Dani Mathers poses during a luncheon on the garden grounds of the Playboy Mansion in Los Angeles, California May 14, 2015. (Photo: REUTERS/Kevork Djansezian)
This was the picture that shocked both the United States and Canada: Playboy Playmate of the Year 2015, Dani Mathers, took a photo of a naked woman at her gym and posted it on her social media accounts with the caption “If I can’t unsee this then you can’t either.”
Needless to say, Mathers received a lot of backlash for taking the photo in which the unsuspecting woman was body shamed. She was publicly called out for her behaviour and she lost her job on a radio show.
Even worse, not only did L.A. Fitness permanently ban her from all their locations but they also filed a police report against her.
Now Mathers could be looking at facing a misdemeanor charge in Los Angeles, if the woman whom she body shamed were to come forward and make a complaint against her.
What would happen if this same situation occurred in Canada?
Halifax, N.S. lawyer David TS Fraser told Global News, “In Canada this would be a crime.” He adds, “taking a photograph is an offence if it’s done without the person’s consent and it’s done kind of covertly.”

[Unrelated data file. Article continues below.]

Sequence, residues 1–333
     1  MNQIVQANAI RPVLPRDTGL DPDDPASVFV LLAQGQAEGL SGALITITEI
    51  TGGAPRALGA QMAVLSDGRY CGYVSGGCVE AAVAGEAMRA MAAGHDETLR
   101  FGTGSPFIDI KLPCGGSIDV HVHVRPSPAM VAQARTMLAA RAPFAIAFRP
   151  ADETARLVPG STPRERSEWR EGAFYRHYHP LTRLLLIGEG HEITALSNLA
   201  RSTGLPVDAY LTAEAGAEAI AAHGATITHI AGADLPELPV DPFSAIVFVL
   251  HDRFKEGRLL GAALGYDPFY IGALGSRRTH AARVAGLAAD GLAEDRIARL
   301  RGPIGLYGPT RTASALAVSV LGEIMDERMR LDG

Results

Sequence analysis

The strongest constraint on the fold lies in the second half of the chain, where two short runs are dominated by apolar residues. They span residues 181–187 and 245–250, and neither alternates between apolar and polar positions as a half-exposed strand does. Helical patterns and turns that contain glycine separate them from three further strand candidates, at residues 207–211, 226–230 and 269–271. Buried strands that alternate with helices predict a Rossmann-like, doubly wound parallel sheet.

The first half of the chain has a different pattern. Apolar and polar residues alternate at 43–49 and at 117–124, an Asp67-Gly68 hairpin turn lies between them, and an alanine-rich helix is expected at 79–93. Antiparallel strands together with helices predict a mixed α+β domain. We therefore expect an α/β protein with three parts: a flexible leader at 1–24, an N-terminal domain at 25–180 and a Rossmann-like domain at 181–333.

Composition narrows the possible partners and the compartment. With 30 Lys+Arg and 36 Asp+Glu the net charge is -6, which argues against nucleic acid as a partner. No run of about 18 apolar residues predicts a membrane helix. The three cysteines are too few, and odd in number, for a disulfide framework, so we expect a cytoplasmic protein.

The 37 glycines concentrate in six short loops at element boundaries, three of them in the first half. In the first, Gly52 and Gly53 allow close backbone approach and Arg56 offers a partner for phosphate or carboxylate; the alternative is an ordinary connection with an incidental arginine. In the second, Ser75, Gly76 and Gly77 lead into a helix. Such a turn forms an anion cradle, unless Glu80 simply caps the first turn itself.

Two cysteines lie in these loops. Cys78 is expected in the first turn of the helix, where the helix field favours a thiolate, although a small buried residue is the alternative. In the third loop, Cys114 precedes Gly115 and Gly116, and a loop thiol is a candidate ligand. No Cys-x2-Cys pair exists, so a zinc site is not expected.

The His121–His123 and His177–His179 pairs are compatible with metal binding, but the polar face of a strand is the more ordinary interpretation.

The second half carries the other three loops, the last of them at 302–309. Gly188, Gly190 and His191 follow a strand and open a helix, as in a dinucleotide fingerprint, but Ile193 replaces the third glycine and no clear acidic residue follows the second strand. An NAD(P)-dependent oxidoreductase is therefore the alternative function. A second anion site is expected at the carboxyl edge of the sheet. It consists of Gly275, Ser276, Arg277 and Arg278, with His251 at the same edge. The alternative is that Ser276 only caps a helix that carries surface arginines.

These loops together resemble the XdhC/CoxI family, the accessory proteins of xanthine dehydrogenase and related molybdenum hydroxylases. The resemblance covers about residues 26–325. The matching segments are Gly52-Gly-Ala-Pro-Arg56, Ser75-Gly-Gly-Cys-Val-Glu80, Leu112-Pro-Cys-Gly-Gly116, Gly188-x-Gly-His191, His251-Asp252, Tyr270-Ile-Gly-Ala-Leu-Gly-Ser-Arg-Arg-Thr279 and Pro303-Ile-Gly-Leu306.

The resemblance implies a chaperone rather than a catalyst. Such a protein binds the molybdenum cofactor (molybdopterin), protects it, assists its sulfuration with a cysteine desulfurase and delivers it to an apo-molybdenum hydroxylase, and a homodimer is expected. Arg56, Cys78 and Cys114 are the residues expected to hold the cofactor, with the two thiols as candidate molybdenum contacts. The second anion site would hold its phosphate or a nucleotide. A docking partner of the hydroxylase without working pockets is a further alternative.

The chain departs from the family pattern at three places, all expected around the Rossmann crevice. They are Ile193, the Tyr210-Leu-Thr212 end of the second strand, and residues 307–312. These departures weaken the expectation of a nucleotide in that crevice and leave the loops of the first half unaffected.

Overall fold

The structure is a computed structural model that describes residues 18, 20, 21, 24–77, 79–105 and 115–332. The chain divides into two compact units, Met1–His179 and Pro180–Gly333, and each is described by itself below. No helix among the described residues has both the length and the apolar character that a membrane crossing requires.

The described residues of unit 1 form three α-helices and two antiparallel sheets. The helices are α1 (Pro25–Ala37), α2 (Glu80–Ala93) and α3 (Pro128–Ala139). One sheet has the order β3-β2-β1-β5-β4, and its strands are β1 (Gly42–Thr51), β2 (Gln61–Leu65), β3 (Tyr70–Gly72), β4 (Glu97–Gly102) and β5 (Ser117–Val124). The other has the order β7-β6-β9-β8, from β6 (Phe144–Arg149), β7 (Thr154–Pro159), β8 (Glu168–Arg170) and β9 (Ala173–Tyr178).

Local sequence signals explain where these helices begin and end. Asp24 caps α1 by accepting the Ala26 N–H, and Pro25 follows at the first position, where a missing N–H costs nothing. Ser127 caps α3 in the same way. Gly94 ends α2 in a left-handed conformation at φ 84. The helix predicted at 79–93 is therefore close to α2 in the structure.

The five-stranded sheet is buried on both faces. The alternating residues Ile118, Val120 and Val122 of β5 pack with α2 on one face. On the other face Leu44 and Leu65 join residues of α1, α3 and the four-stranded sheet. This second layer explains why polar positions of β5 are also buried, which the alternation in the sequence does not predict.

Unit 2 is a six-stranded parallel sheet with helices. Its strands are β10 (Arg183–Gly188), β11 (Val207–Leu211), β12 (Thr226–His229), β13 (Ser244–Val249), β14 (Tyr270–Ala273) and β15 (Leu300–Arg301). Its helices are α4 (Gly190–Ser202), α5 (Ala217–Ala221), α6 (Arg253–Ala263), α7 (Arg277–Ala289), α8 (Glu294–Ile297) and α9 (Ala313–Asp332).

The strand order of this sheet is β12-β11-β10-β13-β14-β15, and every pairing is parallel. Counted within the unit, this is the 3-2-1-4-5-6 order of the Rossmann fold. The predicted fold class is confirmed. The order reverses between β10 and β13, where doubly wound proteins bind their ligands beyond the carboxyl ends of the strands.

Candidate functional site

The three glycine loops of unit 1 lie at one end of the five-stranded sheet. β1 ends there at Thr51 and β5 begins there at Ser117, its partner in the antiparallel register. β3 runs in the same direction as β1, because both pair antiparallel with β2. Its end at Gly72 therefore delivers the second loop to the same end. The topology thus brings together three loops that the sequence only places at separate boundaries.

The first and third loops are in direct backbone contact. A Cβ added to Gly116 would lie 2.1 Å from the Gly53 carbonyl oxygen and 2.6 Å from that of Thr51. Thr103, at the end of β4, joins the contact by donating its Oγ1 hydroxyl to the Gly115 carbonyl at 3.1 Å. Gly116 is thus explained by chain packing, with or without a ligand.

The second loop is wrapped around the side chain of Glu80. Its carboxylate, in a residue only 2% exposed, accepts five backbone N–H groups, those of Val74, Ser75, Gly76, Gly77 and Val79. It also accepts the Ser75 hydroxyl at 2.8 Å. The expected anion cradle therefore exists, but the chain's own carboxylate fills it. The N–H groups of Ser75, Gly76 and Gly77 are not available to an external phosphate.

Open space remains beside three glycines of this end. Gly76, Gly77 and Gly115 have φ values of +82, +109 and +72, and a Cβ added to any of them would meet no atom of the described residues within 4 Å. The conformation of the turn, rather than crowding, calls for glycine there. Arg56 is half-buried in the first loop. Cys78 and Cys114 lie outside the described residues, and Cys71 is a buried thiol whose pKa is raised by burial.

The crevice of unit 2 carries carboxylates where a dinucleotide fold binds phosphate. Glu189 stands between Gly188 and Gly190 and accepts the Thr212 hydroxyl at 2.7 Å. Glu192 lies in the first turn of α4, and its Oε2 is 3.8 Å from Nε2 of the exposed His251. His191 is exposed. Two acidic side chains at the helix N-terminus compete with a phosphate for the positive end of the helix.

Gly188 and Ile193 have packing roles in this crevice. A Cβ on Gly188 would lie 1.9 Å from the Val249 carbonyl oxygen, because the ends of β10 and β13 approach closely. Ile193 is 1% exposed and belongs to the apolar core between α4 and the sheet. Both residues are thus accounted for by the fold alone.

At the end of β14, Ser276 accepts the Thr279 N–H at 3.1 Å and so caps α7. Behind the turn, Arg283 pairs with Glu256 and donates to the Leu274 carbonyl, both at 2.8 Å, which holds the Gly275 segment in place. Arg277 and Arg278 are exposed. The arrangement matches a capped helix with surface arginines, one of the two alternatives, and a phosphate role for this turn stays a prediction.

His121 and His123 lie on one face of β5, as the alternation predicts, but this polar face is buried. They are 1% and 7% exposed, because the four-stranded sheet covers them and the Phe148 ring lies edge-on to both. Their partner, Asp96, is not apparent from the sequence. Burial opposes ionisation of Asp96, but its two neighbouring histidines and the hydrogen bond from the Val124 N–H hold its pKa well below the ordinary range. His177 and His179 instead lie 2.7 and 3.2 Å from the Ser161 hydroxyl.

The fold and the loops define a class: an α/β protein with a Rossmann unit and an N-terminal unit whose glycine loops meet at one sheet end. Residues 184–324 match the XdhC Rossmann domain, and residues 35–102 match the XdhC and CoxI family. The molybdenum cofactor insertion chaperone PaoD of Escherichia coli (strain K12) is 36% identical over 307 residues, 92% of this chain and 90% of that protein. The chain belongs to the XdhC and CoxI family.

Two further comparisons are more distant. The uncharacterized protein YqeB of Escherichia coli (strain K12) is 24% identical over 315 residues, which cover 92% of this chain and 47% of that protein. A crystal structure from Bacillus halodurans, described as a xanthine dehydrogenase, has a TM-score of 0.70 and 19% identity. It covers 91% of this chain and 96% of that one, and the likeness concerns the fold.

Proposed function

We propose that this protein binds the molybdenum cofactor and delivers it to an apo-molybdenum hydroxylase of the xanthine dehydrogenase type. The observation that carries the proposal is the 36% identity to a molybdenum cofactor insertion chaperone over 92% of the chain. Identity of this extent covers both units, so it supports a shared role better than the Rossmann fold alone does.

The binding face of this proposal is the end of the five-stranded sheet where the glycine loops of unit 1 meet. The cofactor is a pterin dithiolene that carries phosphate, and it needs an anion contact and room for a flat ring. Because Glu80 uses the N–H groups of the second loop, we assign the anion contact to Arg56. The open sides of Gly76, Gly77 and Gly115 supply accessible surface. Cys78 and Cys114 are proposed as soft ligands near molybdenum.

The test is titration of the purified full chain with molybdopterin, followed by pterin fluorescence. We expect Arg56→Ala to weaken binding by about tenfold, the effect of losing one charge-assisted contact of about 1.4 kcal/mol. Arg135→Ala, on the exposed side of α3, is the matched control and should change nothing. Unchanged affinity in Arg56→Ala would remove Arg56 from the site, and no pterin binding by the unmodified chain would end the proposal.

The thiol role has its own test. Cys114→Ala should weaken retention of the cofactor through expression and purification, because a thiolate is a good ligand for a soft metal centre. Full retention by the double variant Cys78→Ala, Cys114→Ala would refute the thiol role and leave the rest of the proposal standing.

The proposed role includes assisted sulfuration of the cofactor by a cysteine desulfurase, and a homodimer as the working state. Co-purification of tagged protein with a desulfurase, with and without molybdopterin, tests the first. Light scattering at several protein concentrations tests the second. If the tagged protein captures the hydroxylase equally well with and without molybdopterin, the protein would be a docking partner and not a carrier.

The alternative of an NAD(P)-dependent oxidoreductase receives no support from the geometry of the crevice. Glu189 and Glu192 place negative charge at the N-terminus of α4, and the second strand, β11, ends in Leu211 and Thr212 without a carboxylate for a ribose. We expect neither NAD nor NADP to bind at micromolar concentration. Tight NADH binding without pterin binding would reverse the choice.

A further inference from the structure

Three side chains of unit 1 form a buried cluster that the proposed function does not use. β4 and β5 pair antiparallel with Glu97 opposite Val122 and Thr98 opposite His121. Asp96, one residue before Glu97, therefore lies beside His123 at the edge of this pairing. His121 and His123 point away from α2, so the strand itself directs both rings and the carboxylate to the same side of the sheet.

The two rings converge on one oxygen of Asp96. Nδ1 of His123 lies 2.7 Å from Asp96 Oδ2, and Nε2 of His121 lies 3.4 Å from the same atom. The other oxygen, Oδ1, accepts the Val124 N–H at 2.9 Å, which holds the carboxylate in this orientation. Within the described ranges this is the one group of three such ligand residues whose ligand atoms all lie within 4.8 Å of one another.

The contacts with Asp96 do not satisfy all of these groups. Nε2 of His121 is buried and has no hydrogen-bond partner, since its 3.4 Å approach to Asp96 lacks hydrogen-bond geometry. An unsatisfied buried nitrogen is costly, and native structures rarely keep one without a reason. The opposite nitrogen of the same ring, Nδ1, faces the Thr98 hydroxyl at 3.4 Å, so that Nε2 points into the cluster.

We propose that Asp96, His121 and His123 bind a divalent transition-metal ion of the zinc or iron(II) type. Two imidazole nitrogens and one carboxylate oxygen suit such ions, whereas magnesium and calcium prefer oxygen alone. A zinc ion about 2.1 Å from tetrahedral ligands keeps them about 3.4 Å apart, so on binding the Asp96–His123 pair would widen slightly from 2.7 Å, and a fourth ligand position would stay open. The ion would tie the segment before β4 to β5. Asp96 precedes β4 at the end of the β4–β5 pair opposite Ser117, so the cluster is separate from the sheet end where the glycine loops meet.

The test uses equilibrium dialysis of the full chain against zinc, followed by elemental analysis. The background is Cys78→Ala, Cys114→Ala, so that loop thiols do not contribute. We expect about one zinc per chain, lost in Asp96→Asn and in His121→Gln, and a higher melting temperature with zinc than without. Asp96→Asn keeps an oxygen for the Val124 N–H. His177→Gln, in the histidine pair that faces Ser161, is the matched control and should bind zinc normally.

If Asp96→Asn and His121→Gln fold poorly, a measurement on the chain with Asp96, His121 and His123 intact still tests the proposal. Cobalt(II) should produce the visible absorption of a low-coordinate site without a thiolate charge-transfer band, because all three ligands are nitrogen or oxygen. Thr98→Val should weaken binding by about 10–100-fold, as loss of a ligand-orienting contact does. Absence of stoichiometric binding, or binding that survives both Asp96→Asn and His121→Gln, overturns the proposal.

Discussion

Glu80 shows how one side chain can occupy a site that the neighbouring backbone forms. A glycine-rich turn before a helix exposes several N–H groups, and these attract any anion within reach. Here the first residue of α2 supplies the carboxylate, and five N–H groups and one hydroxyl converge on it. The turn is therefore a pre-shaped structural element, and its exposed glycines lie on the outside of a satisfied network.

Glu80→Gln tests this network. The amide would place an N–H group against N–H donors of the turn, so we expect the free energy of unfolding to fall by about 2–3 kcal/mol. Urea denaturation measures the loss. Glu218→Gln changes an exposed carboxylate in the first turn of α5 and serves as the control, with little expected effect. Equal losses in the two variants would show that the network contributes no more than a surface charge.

Indeed, in March of 2015, it became illegal to publicize intimate images of an individual in Canada when the individual in the images has not consented and it is considered a type of cyberbullying.
Cyberbullying involves some type of harassment of a person or persons with the use of technology, such as posting an intimate picture or video of someone without their permission on Facebook or Snapchat, which causes them humiliation, embarrassment or feelings of degradation.
See: Post online at your own peril: individuals can now sue for invasion of privacy
The punishment for distributing intimate images without consent is quite steep. A person who is convicted of the offence could be imprisoned for up to five years and have their computer, cell phone or other devices seized.
Not only could a person who posts intimate images without consent, face the wrath of the law but they could also be sued by the victim(s) in civil court.
Just this year, an Ontario court decision saw a judge award a woman over $140,000, because her ex-boyfriend posted an intimate video of her on a pornography website without her permission.
Mathers claims that she posted the photo by “accident” but that likely won’t get her out of hot water if the unknown woman decides to come forward.